Grief can make you feel really alone, but staring at that painting gave me a sense of solidarity with this 17th century man from France and in a way, with every single person who came before and after him.  It was my turn to find my tombstone in Arcadia.  If those shepherds could be stoic, maybe I could try to be too.  In the end, neither of us had a choice.

“Paintings with a mood bring us into contact with, and allow us to respond to, other worlds – both those that are inviting and those that are frightening”  (pg. 19 Minor, Baroque & Rococo: Art & Culture)

Looking back on that moment, a year later, I finally learned what art and visual culture is (to me at least).  It’s learning what it is to be human.  From the noblest thoughts to the most frivolous trivialities, art is the ability to transcend the boundaries of space and time and step into those ideas or emotions in someone else’s head. It’s not constrained by words, it’s not roped in by reality.  Heck, it can even be just a line of colour.  But in it, you can find solidarity and strength when you need it, or a challenging dialogue, or sometimes even just find yourself supremely bored.  For me, art is a community where you are never alone and you’re always a glance away from going somewhere you’ve never dreamed of being.

In the end, nothing can ever replace the people or the living beings we come to love in this life.  However, my dog Beatrice, in the sunset of her time with me, reminded me that even though I was losing a good friend, at least I could find quiet support in another.

….I miss you B.

Scotch Whiskey or Why I Hate Bees…

…but Today, a Little Less or Thanks to Matchstick The Macallan is the Sweetest Revenge.

Second chances.

Allow me to tell you a quick story of love lost and re-found in 3 scenes.

Opening scene: mid-August 2008, Edinburgh Scotland.

Enter from stage left: Me.

Arrive at the bonny hills of Edinburgh after an incredible week in Glasgow with my lovely Glaswegian friend Marcello. The Glasgow School of Art and the Glasgow Four still running through my veins like a drug. Hungry for more adventure (and maybe some steak and ale pie….and oat cakes).

Met at the train station by life-long friend, sometimes troublemaker (in the best sense of the word), and then-Canadian expat, Jenn. Together we’re unstoppable. Edinburgh Festival shenanigans are bound to ensue. Plans include a solo and LONG-AWAITED Scotch Whiskey Distillery tour. Could the world be any grander?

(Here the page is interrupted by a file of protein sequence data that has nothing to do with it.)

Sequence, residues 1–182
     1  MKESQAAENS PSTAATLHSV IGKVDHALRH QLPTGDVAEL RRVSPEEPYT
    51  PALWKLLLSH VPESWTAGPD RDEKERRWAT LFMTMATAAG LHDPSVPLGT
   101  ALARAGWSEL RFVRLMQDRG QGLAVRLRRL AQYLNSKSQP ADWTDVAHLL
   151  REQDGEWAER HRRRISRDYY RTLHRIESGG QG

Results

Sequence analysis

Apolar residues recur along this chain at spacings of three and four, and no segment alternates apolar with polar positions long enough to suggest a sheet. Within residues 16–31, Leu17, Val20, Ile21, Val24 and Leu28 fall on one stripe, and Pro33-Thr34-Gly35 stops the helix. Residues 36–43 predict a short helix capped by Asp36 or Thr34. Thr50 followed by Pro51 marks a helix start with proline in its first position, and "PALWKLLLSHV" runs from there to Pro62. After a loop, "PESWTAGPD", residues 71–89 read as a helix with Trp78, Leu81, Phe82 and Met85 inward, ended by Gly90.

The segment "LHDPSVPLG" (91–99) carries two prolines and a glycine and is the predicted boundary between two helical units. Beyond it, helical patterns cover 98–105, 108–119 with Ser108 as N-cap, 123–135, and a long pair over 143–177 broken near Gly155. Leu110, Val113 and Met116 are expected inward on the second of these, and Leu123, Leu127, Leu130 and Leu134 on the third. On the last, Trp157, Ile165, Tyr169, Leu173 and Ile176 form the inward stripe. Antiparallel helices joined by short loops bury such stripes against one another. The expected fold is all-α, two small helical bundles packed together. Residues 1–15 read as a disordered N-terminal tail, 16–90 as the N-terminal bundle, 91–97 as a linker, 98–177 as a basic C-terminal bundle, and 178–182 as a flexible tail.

END SCENE

Calton Hill, in happier times
Jenn & I


Scene 2:

Time: Fast-forward through a glorious 3-day intermission of Scottish hi-jinks.  Have my game face on: time for the Scottish Parliament, Edinburgh Castle and The SCOTCH WHISKEY DISTILLERY TOUR before a very tired Pamela has to head home.

Scene: Edinburgh Castle, overlooking the empire.

Enter stealthily from stage right: BEE


DAMN YOU BEE!!! I demand repayment for the epi-pen.

Long story short(ish), I accidentally folded a bee in the crook of my arm that day. The ensuing swelling, pain, and feverishness put me in a Benedryl-induced coma for the better part of three days. My arm was completely mangled and left me confined to the city.  Alcohol was out of the question.

And that’s when I lost my love: I was leaving Scotland empty-handed. The Whiskey dream had died. END. SCENE.

Or so I thought.

Fast forward a year.

Time: Late October, 2009

Scene: One restaurant at the Hazelton Hotel

Enter from street: Me

Imagine my surprise when in October I received an invitation from Matchstick Inc. to join their The Macallan Scotch Whiskey blogger tasting event. First of all, with only ONE blog post to date (I’m not complaining….thanks Matchstick!) I didn’t seem like the most likely candidate and secondly, it seemed just as unlikely that almost a year after my bee-induced disappointment, fate would so freely gift me an experience I had crossed an Ocean to find AND HAD LOST.

AMAZING.

The Macallan.

What transpired over the next few hours was fascinating and, consequently, one of the neatest experiences I’ve ever had with alcohol (Feel the power of he pun. Feel it!).  Much akin to a wine tasting, I, along with a group of equally lucky Toronto bloggers, was lead through an educational taste journey by a lovely man named Marc.

To distill all the things I learned about whiskey from this absolute delight of a man would be extremely difficult (too busy writing puns, perhaps?) but some key elements are these:

  • Like wine, the wood used in a whiskey’s casket greatly contributes to it’s flavour.